I never had cable when I was a kid. We were an analog family. We still are an analog family. I was never aware of the world of music videos. I would see the odd thing here and there at friends houses, then after the advent of the internet I would look up my favorite songs online and by the time I got cable my freshman year in college my roommates had a standing rule of not watching anything besides sports center – and apparently, not washing their dishes, a rule my current roommates follow.
So, my exposure to music video has been limited to my own intentional hunting and finding. Generally speaking, videos ruin songs. Just this week in the office a Muse video – good band despite their involvement with the Twilight movies, though I don't appreciate them as much as I used to – came on where teddy bears or gingerbread men – it was hard to tell – emerged from the ground and terrorized a city. Yeah, not the mental image that I had associated with that song.
Still, there is the occasional video that perfectly blends mood, meaning, and melody to make an audio-visual explosion of the brain. Here are two of my choices (note: there may be an ad before they start).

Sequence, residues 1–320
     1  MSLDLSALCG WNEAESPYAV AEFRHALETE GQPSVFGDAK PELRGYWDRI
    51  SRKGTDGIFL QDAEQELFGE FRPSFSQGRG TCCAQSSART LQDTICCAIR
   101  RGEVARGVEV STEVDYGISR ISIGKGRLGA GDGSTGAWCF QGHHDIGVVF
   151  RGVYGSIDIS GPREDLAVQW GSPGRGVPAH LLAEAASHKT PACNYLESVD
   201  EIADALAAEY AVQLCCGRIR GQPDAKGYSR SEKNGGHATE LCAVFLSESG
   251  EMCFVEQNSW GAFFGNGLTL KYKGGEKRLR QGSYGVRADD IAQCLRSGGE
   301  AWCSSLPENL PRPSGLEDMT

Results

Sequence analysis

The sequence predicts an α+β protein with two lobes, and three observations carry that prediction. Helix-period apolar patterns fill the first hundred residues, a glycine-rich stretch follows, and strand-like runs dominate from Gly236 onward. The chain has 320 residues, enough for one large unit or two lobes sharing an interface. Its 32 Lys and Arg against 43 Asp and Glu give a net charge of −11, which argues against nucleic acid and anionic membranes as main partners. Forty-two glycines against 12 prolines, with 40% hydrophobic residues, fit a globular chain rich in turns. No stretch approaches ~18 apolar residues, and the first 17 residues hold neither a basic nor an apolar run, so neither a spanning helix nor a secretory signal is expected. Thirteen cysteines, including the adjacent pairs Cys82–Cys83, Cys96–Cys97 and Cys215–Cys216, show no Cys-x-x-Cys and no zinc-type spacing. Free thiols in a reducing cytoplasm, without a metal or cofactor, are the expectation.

1. Best of You: Foo Fighters.
Curtain opens to a tight shot of Dave Grohls mouth literrally hugging his microphone and then the dam burst to a relentless emotionally-charged marthon of image and sound. Best of you, indeed.
2. Where are you: Our Lady Peace
Unfotunately, the embedding code has been disabled by request and I don't have the time to hunt down a different version so, really, click here to watch. Really, click it, it's awesome. From the opening seconds of a seemingly-German military march to a circle of African dancers jumping in slow motion, the video blends a dozen different styles and movements into one concrete room with a relentless drive. Fantastic. Seriously, click the link, and watch it.
It's no coincidence that both of these videos are loud, fast, grunge. I can get my slow-music on but it doesn't make for good video. Video needs speed and pulsating beat, driving the music into you temple like the drip of water at a Chinese POW camp.
It's also no coincidence that both these videos are, for the most part, performance based. I don't need stop-motion skeletons (The Killers) or Candyland breasts squirting foam (Katy Perry). I don't need men in gorrilla suits (Bloodhound Gang) or any other gymick. I watch the video because I love the song and the visual elements should only enhance the sound, not distract from it.
So, Woodstockers, what's your favorite music video?